After driving my Model S for four years on 21” wheels, I decided to downgrade the car to 19” wheels. The decision process took a while, and the saga is a long one.
New 19″ Slipstream Wheels
A few months ago I noticed my tire had yet another leak. The leak was very small and only required pumping up the air about every other week at the most. Having so much experience with tires, I was not worried about this leak and had either used my electric pump, that I always have in the trunk, or the manual floor mounted bike pump in the garage to add more air.
I had intended to go to my very local service station / auto repair place and have them look at my tire at some point. I suspected I had a nail in the tire and that the tire could be repaired. The tires were not very new, so I was hoping I could delay replacing the tire, as that likely meant I needed to replace not just one tire but two. When the tread is quite low on the tires, they do not want you to drive around with a set (either the front or the rear), where one tire has all its tread and the other is almost worn out. I suspect this discrepancy could cause excess or unaligned tire wear.
Only an encounter with a Tesla service person on another matter changed the story.
Home or Office Service
I earlier reported that my 12 Volt battery had died and needed service. The local service center now has one mechanic that goes to your location to repair batteries and tires. As the ever curious Tesla owner, I watched him change the battery, and talked to him about various Tesla topics.
Somewhere during the conversation, I mentioned that I had a leak in one of my tires. The service guy offered to look at my tire for no cost. I had not planned on having Tesla address this leak, but I since it was free and he was already in my garage, I happily agreed.
The mobile service guy brought out his jack, and in very little time had the wheel off the car. No nail was visible, but to my surprise I had a problem I have never seen on any car I have ever owned, my rim was cracked!
Cracked Rim with Water Test to Show Leak
The rim was visibly cracked with a hairline fracture, and to confirm he added water and you could see the air bubbles. He explained that if you hit a pothole “just so”, you can crack your rim. He said I was safe to continue to drive the car with the wheels as long as I slowed down for any pot holes.
Since I have been plagued by tire issues, I watch for potholes constantly. I know where the road is worn out locally and steer out of my way to protect my tires. I have been driving in this manner for 50,000 miles. Luckily the town I live in has a fair amount of revenue stream and our roads are pristine.
I do remember however driving in the East Bay awhile ago and remembering a badly beat up stretch of payment on 580. One fun grammatical note: In Northern California, freeways are referred to by numbers not their names and are never preceded by the word “the”; in Southern California the naming convention is the reverse, which sounds so strange to our ears. On 580, I distinctly remembered that I had avoided as much as I can any issues in the road pavement, but I know I did hit one pothole with the wheel in question.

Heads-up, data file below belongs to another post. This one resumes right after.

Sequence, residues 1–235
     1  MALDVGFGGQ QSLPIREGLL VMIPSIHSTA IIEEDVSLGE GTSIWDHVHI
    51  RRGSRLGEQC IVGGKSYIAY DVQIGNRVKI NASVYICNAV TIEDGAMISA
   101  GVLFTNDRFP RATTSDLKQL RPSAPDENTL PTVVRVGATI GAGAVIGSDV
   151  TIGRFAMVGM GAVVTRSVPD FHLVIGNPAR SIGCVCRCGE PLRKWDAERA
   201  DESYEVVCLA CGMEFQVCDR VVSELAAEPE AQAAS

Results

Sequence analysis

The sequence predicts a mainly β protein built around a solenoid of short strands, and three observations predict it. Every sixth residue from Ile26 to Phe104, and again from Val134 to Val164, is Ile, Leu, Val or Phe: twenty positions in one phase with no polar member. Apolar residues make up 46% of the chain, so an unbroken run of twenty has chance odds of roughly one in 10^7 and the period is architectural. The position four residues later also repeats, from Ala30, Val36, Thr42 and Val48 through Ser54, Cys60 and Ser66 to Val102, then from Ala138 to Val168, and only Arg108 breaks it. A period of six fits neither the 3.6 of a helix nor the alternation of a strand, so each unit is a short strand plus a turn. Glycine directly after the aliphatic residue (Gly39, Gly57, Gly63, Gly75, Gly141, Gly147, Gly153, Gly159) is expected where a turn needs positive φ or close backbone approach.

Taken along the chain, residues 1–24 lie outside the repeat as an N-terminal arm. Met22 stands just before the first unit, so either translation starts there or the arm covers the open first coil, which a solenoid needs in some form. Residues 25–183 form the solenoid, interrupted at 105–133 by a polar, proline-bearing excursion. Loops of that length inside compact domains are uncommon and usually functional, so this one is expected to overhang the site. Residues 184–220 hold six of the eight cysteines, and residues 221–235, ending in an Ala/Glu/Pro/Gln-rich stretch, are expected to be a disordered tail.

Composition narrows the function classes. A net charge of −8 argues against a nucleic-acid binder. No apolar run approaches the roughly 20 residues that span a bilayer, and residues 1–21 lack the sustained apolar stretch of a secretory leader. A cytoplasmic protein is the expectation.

I now really did not know what to do. I knew not only I couldn’t just repair one tire, I had to buy a new rim also, and they cost $500! I really didn’t want to do either, and this let me open up my thoughts to do something completely different.
Why I bought 21” Wheels in 2013
Original 19″ Wheels
Before my Model S, I was a very early 1xx Roadster owner. I got used to zipping around
fast and hugging every curve. I had initially configured the Model S to have the 19” wheels, but at the last minute a friend convinced me to go with the 21” primarily because they looked so much better. I was just not particularly fond of look of the original 19” wheels, and Tesla no longer sells them to new buyers.
21” vs. 19” Reliability
Over the years I have talked to many different people associated with Tesla about my wheels. I am not a particularly talkative person, but I can strike up a conversation with strangers with no qualms, and ask many detailed questions on an interesting subject.
The most interesting conversation about my tires was with a former Tesla Service Manager, whom I met in a very off chance circumstance. I have heard the following different statements from 3 different Tesla employees that stuck in my brain, and I recalled them when thinking about what to do with my broken rim:
“Those 21s have had a lot of problems.”
“The vast majority of problems are with the 21s, no problems with the 19s.”
“Tesla should have never put such low profile tires on such a heavy car.”
My 21” experience vs. my fellow blogger
My fellow blogger from the East Coast has been very happy with his car and wheels. He got 50,000 miles on a set of tires! That amount of mileage was and still is only something I can dream about.
Here is a short timeline of my tire experience:
- March 2014 – four new tires (mileage 12,500)
- March 2014 – pothole damage, one new tire (mileage 12,600)